Shale Energy’s Broad, Beneficial Impacts
Posted February 24, 2014
Energy Trade is a Key Part of Overall U.S. Trade Flows
EIA Energy Today: Energy trade has long been a key component of overall U.S. trade flows. Recent developments in U.S. energy production, notably the rapid growth of tight oil and shale gas output, are leading to significant changes in the nation's energy trade flows. Another important factor is consumption trends, which reflect both increased efficiency of vehicles and other energy-using equipment, and structural changes in the economy. This article, which focuses on current energy trade in the context of overall trade flows, will be followed by several others in the coming days that consider the evolution of trade flows in major energy fuel categories since 2002.
As shown in the figure above, overall U.S. trade includes both goods and services but is dominated by goods. In 2013, as in other recent years, the United States was a net importer of goods and a net exporter of services. Energy accounted for 15% of gross U.S. goods imports in 2013, while energy exports, which have grown significantly in recent years, accounted for 7% of overall U.S. goods exports. Focusing on the net U.S. trade position, shown by the black line in the chart above, net energy imports account for nearly half of the total U.S. trade deficit in goods and services.
The value of energy trade flows can move rapidly as a result of changes in production, consumption, and prices. In 2013, the value of energy fuels exports increased 8% relative to 2012, while the value of energy fuels imports fell 11%. Given the prominent role of energy fuels in U.S. trade accounts, this shift pushed the total U.S. trade deficit in 2013 to the lowest level in four years.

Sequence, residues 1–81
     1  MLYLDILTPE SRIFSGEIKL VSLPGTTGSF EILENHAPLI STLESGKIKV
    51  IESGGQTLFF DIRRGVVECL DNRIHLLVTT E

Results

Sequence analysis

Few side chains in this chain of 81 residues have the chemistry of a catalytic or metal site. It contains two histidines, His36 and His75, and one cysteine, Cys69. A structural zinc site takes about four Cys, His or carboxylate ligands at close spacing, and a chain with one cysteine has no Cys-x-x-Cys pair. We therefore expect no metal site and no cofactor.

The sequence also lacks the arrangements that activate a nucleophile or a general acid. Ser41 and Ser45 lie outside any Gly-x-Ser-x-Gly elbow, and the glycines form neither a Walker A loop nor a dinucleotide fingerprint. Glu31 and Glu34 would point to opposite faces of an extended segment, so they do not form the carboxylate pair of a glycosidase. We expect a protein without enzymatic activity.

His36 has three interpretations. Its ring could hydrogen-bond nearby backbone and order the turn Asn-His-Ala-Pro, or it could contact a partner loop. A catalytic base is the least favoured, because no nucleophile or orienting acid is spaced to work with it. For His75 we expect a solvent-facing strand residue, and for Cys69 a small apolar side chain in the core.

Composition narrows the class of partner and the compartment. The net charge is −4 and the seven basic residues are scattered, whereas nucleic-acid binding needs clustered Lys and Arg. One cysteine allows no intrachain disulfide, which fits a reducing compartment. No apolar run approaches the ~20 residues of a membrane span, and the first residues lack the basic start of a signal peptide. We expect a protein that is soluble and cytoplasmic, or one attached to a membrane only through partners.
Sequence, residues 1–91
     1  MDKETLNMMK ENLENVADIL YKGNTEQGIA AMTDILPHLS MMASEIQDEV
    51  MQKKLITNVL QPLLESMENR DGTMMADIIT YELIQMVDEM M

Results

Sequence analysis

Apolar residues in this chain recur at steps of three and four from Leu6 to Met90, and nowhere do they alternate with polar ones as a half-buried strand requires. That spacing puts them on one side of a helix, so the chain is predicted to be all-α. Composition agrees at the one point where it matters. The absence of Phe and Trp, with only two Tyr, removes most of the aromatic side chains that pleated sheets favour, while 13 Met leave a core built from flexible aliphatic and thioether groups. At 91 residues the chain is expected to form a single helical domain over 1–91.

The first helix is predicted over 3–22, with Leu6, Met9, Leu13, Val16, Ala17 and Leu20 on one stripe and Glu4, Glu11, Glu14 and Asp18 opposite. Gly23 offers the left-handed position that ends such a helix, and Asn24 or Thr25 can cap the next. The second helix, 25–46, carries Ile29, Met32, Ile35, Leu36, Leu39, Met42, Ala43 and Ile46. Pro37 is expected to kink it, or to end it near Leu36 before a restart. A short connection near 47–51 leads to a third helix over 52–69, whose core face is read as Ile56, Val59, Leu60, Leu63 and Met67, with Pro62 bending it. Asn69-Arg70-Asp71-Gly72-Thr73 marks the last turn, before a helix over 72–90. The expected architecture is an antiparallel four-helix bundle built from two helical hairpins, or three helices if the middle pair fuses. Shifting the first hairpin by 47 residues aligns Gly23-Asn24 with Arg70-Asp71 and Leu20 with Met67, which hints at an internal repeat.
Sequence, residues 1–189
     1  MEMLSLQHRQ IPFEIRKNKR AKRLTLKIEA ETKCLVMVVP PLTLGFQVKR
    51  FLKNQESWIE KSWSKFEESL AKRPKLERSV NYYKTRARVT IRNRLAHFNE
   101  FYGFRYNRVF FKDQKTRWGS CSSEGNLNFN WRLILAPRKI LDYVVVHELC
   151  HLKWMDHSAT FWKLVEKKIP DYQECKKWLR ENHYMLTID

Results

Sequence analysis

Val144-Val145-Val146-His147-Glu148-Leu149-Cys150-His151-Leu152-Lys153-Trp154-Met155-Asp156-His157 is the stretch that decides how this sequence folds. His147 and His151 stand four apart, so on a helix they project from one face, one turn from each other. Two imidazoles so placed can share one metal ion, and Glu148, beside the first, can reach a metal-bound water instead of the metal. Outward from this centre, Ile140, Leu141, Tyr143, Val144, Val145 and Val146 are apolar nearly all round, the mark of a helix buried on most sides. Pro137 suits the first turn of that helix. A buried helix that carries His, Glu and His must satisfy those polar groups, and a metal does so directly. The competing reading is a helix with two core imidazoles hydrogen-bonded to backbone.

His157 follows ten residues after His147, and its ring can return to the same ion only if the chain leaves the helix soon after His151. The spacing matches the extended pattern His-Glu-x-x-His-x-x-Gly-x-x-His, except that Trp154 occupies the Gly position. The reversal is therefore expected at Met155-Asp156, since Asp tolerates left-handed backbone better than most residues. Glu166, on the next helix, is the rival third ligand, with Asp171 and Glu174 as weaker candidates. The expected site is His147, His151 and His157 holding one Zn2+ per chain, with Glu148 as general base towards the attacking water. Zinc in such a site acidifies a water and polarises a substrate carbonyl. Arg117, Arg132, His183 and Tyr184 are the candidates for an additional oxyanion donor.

Read more: http://1.usa.gov/1mDAqi9
More industry news:
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Shale Development is Positive, Ohio University Study Finds: http://bit.ly/1mt1ey9
New ‘Broadband Sequence’ Fracturing Technology Increases Shale Output by 20%, Cuts Well Completion Time in Half: http://bit.ly/1fnM8cQ
Drillers, Business Leaders Count on Natural Gas Boom to Revive Pa. Manufacturing: http://bit.ly/1k5Y7O2
College Offers Classes Geared Toward Natural Gas Jobs: http://bit.ly/MVAmdB
As Energy Chief, Ernest Moniz is Man in the Middle: http://b.globe.com/1gxBIDO
About The Author
Mary Schaper is a Digital Communications Manager for the American Petroleum Institute. She previously worked on Capitol Hill for the Senate Energy and Natural Resources Committee as Digital Director and for Senator Lisa Murkowski. Before coming to D.C., she spearheaded digital strategy for Murkowski's successful Senate write-in campaign in 2010. Schaper enjoys traveling and taking in the local culture alongside her husband, their son and loyal springer spaniel.
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